Speak English with Tiffani Podcast
    352 : Daily English Vocabulary - Book 7 | Word #6 - Distribute

    Speak English with Tiffani Podcast

    Play Episode Listen Later May 27, 2022 5:47


    In today's episode, you will learn a new English vocabulary word. You will also hear a story related to today's vocabulary word. This episode will give you the vocabulary you need to sound more like a native English speaker.GET YOUR Ebook | Daily English Vocabulary Book 7

    Merriam-Webster's Word of the Day

    Merriam-Webster's Word of the Day for May 26, 2022 is: fetter • FET-er • noun A fetter is a chain or shackle for the feet. Fetter is also used figuratively to refer to something that confines or restrains someone in some way. // John keeps his smartphone with him when he goes hiking, but Linda leaves hers at home, preferring to free herself temporarily of the fetters of technology. See the entry > Examples: "The Alaska Constitution was written by a months-long gathering of 55 elected men and women in Fairbanks during the winter of 1955-1956. … They wanted a legislature free of the fetters that hobbled the older state governments—restraints that had prompted a nationwide outcry for constitutional reform in the years prior to the Alaska Constitutional Convention." — Gordon Harrison, The Fairbanks (Alaska) Daily News-Miner, 24 Apr. 2022 Did you know? While now used as a more general term for something that confines or restrains, fetter was originally applied specifically to a chain or shackle for the feet. Not surprisingly, the word's Old English ancestor, feter, is etymologically shackled to fōt, the Old English ancestor of foot. Fetter is also used as a verb with meanings that correspond to the noun's meanings: a prisoner can be fettered literally, and a person can feel fettered by obligations or responsibilities.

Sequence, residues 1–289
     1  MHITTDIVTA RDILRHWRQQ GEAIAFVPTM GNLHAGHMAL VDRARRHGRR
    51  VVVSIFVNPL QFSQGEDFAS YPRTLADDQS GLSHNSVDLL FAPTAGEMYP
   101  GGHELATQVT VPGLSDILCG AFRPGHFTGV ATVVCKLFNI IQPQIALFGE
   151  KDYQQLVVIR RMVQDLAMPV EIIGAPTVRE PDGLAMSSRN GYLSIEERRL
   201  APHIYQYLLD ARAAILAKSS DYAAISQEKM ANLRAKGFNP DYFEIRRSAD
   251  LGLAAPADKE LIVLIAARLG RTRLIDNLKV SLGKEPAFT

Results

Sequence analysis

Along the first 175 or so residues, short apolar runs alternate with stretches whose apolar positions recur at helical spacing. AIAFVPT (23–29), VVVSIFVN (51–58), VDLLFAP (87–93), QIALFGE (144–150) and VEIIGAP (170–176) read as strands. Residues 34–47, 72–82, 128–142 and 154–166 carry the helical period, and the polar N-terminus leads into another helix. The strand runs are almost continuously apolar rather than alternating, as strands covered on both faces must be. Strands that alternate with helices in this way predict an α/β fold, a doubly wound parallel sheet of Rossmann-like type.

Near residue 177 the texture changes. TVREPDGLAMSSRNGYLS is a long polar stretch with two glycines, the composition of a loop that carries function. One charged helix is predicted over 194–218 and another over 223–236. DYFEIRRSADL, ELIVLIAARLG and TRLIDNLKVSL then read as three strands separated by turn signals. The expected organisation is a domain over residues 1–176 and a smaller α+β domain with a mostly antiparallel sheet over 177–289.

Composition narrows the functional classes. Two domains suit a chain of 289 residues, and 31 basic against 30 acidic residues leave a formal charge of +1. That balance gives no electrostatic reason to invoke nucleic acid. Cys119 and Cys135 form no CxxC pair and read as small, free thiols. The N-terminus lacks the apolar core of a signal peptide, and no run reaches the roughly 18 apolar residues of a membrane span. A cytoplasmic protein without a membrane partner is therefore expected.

Speak English with Tiffani Podcast
    351 : Daily English Vocabulary - Book 7 | Word #5 - Distraught

    Speak English with Tiffani Podcast

    Play Episode Listen Later May 26, 2022 5:20


    In today's episode, you will learn a new English vocabulary word. You will also hear a story related to today's vocabulary word. This episode will give you the vocabulary you need to sound more like a native English speaker.GET YOUR Ebook | Daily English Vocabulary Book 7

    French Your Way Podcast: Learn French with Jessica | French Grammar | French Vocabulary | French Expressions

    Listener Nancy would like to clarify when “ne” can be dropped in French. When is it possible to deliberately forget this common 2-letter word? Is there any change in the meaning? Listen to find out! Vocabulary and Spelling of the French Words mentioned in this episode Je n'aime pas quand tu fumes = j'aime pas… Read More → The post FYW 244 : When is “ne” optional in French ? appeared first on French Your Way.

    Merriam-Webster's Word of the Day

    Merriam-Webster's Word of the Day for May 25, 2022 is: benevolent • buh-NEV-uh-lunt • adjective Benevolent means "kind and generous," or less commonly, "organized for the purpose of doing good." // The event's reception was courtesy of a benevolent anonymous donor. // They belong to several benevolent societies and charitable organizations. See the entry > Examples: "I want to thank the benevolent stranger who found my keys and reunited me with them after seven months." — Curt Vazquez, letter in The Pittsburgh Post-Gazette, 16 May 2022 Did you know? One who is benevolent genuinely wishes other people well, a meaning reflected clearly in the word's Latin roots: benevolent comes from bene, meaning "good," and velle, meaning "to wish." Other descendants of velle in English include volition, which refers to the power to make one's own choices or decisions, and voluntary, as well as the rare velleity, meaning either "the lowest degree of volition" or "a slight wish or tendency." A more familiar velle descendant stands directly opposed to benevolent: malevolent describes someone or something having or showing a desire to cause harm to another person.

    Speak English with Tiffani Podcast
    350 : Daily English Vocabulary - Book 7 | Word #4 - Distort

    Speak English with Tiffani Podcast

    Play Episode Listen Later May 25, 2022 5:46


    In today's episode, you will learn a new English vocabulary word. You will also hear a story related to today's vocabulary word. This episode will give you the vocabulary you need to sound more like a native English speaker.GET YOUR Ebook | Daily English Vocabulary Book 7

    Spanish Lessons With Pablo - Learn Spanish.
    Spanish Vocabulary & Phrases Episode 21. Learn Spanish With Pablo.

    Spanish Lessons With Pablo - Learn Spanish.